It is shown that the lemma Old High German skruba that is generally found in the dictionaries is a mistake for skuoba and that its meaning is not ‘scrubber’ but rather ‘leather (skin)’ or perhaps ‘scraper’.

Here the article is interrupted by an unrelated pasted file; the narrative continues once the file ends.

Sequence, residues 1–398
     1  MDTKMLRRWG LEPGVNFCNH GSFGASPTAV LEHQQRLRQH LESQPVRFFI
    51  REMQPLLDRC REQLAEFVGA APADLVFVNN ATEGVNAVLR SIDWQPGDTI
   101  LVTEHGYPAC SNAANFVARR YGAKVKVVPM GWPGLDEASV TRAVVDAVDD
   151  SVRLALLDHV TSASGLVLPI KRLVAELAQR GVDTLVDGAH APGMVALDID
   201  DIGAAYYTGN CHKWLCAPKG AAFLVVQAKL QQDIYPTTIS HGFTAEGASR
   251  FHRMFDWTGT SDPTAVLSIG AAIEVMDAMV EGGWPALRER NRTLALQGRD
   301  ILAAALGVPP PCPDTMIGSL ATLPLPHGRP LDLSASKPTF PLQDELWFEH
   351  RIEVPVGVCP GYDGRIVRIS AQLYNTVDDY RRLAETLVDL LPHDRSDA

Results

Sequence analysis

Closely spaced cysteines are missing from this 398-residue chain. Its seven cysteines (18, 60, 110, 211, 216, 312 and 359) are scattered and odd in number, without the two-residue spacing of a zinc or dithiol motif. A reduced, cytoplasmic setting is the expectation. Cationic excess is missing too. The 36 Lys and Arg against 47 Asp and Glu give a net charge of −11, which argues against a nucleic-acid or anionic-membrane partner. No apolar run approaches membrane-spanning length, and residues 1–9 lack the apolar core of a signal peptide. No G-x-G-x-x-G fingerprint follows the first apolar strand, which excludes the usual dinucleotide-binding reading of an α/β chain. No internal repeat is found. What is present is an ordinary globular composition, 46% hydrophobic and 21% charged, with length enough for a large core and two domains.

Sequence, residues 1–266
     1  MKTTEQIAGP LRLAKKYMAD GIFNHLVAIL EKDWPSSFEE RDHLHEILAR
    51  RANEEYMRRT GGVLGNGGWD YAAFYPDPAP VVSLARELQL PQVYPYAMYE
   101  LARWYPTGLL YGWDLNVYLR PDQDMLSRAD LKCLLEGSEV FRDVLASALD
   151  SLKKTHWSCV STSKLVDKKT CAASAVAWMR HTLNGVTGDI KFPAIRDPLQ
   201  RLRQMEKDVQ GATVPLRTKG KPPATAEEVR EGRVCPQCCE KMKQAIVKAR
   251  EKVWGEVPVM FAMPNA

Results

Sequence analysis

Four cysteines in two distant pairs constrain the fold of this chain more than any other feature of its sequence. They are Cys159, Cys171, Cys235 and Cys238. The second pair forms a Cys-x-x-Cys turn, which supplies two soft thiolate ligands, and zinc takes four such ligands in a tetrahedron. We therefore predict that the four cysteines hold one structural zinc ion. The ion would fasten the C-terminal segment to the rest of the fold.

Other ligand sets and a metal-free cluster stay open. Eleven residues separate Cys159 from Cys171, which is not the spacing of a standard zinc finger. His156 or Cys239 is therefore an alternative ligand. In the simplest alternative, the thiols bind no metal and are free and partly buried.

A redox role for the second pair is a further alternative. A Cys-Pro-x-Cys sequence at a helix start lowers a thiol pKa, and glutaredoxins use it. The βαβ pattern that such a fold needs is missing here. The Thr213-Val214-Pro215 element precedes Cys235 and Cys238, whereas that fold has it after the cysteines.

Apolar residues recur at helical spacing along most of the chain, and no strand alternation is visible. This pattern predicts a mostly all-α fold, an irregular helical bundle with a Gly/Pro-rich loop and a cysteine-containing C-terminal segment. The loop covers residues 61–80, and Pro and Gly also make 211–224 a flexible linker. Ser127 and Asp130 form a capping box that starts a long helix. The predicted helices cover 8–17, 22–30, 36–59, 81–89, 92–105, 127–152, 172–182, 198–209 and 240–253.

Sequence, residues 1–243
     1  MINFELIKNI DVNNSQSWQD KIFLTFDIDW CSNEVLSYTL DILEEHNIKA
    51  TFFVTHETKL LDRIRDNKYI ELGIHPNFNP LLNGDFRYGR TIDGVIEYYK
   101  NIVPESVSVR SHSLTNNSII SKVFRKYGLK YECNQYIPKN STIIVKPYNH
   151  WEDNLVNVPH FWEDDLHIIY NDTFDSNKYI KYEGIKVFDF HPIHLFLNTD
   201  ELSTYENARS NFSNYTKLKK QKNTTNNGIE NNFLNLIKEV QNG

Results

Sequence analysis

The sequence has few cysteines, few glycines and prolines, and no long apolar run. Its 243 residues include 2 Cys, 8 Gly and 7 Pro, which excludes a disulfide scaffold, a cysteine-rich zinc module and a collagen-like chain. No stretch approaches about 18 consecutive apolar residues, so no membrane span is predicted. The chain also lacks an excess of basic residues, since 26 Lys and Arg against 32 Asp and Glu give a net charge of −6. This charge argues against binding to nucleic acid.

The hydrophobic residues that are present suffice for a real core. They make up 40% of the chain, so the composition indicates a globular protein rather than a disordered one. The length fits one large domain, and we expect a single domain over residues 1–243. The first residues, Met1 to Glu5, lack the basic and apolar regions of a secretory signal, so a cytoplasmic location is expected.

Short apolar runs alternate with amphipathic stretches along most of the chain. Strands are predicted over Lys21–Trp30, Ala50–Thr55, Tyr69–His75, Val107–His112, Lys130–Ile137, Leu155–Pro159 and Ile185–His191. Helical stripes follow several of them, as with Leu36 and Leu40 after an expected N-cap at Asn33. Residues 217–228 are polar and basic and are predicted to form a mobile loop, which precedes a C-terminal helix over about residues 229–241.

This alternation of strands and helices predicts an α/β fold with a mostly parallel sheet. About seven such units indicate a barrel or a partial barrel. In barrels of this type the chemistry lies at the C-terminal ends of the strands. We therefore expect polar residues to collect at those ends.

This article presents a corpus study of complex verb constructions in Old Dutch. A systematic search of the Old Dutch Corpus uncovers a set of fifteen complex verb constructions which all stack two auxiliaries (one finite and one nonfinite) on top of a main verb. The oldest and most frequent complex verb construction in the corpus is a future passive construction combining finite sullan ‘shall’ with nonfinite werthan ‘be’ and a past participle. The article discusses all fifteen complex verb constructions in detail and sketches the wider linguistic context in which they are found.